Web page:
Basically, it means optimizing our “old” blog content to generate more traffic and leads. And by “old,” I just mean posts that already exist on our blog, whether we wrote it three years ago or last month.
A lot of different tactics can fall under the umbrella of historical optimization: updating and republishing blog content so it’s fresh and up-to-date, optimizing posts for search to improve their search rankings, and conversion optimizing posts that still generate a lot of traffic but don’t convert visitors into leads as well as they could.
I’ve already written about why marketers need to stop neglecting their old content. In this post, I’m going to make an even stronger case, focusing on one specific conversion optimization tactic: keyword-based conversion optimization.
That sounds boring, so before you bounce from this post, let me rephrase: I’m going to show you how we increased the number of leads we generated from our top-ranking blog posts by 99% — and explain how you can do that, too.
Over the past several months, ever since we discovered that over 75% of our monthly blog post views were also of old posts, we’ve been on a mission to improve the conversion rates of our old posts.
We started out by targeting our highest-trafficked old posts to see if we could improve their lead generation potential. Our approach was mainly to optimize the posts’ calls-to-action (CTAs) based on the following questions:
The results of this approach were hit or miss — sometimes the conversion rate of the post would improve, sometimes not. Sometimes, the conversion rate would even decrease.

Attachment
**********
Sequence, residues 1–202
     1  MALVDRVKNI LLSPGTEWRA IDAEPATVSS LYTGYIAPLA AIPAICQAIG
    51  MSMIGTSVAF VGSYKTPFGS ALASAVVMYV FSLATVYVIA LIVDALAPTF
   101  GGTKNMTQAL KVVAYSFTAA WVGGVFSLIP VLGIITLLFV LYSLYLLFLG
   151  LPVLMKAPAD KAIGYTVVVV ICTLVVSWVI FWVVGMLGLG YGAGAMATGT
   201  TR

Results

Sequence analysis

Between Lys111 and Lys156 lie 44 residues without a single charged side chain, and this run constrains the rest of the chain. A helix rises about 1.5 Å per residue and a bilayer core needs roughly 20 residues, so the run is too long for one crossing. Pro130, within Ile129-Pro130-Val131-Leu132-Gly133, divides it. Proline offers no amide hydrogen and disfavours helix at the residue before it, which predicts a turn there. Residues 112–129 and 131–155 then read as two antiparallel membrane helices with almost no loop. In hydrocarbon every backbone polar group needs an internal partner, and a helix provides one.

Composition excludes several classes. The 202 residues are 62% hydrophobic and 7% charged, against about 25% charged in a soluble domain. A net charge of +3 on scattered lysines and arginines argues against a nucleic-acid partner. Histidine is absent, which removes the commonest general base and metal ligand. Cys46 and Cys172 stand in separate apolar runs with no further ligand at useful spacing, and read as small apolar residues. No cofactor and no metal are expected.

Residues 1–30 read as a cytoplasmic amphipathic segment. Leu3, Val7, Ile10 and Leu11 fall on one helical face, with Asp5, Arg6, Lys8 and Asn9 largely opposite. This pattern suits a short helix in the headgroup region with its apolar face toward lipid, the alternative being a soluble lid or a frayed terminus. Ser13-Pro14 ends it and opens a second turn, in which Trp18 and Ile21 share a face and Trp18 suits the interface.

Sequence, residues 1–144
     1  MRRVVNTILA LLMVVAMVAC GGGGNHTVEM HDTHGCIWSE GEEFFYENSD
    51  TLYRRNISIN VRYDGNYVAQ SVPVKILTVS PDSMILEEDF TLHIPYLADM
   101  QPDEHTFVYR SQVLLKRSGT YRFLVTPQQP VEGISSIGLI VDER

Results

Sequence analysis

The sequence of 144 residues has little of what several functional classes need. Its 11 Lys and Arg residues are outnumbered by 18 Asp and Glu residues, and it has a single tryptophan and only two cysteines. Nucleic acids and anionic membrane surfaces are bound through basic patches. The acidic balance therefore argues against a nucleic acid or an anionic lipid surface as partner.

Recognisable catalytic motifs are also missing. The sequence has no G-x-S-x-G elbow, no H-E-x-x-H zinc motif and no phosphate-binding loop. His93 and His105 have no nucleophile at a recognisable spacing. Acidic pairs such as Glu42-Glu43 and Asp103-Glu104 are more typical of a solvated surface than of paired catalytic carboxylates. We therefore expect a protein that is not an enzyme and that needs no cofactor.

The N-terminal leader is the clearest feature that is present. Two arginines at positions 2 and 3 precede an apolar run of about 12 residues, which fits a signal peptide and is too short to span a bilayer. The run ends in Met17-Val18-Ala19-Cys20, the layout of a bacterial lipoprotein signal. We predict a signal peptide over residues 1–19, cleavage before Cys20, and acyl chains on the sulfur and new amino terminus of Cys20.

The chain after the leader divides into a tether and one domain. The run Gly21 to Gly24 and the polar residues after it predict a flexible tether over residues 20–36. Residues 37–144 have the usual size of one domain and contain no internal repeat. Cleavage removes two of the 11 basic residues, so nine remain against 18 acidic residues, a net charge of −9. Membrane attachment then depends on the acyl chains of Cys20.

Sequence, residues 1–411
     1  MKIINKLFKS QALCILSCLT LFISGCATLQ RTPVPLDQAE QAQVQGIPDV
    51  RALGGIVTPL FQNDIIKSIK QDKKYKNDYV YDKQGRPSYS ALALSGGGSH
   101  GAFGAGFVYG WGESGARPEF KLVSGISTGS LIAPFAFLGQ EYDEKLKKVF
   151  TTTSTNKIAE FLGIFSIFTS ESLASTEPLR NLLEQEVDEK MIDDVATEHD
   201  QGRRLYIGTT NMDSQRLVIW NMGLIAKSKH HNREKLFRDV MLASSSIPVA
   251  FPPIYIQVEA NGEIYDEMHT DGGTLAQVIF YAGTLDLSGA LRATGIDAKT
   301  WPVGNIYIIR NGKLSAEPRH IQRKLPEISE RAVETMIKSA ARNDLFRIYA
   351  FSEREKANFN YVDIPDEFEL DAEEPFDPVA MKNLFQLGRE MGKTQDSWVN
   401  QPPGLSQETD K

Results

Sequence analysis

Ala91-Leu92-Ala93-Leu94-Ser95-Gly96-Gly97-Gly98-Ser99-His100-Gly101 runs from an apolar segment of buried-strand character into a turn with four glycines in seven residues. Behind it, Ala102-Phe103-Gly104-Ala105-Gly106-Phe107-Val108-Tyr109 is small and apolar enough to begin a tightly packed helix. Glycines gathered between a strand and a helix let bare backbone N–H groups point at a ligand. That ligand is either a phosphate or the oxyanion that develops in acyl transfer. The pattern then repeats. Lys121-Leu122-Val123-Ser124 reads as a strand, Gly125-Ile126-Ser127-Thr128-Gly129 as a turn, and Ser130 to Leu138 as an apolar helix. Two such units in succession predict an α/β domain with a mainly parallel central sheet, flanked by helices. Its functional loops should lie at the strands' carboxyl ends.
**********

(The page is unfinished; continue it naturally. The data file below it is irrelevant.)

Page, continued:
What we realized was, while we were using relevancy to inform our offer/CTA choices, it was still mostly a guessing game. There was really no way to know whether a visitor would prefer one offer over a another one. Our approach wasn’t data-driven enough.
Then, we had another idea …
Based on our previous blog lead attribution analysis, we already knew that the majority of the visitors we got to old, high-trafficked posts were coming from organic search. What if we focused on the specific keywords those visitors were using to find those posts in the first place?
It made a lot of sense. If we knew which keyword the majority of people were using to find a particular post, then we could make sure the offers we used in the CTAs on that post matched the keywords as closely as possible, too.
And when we put the theory to the test, the results were incredible. We optimized 12 of our high-ranking, top-trafficked posts based on their keyword searches, and here were the results:
This was groundbreaking for us and how we approach the conversion optimization of old blog posts. Using this keyword-based approach, we improved the conversion rates of every single post we optimized using that method. There was absolutely no guessing to it — it was entirely data-driven.
Want to take advantage of this conversion optimization method for your own blog content? Here’s what we did.
(Keep in mind that the basic idea behind this approach is to get inside the head of the searcher, and then optimize for conversion based on the search terms they’re already using to find your blog posts.)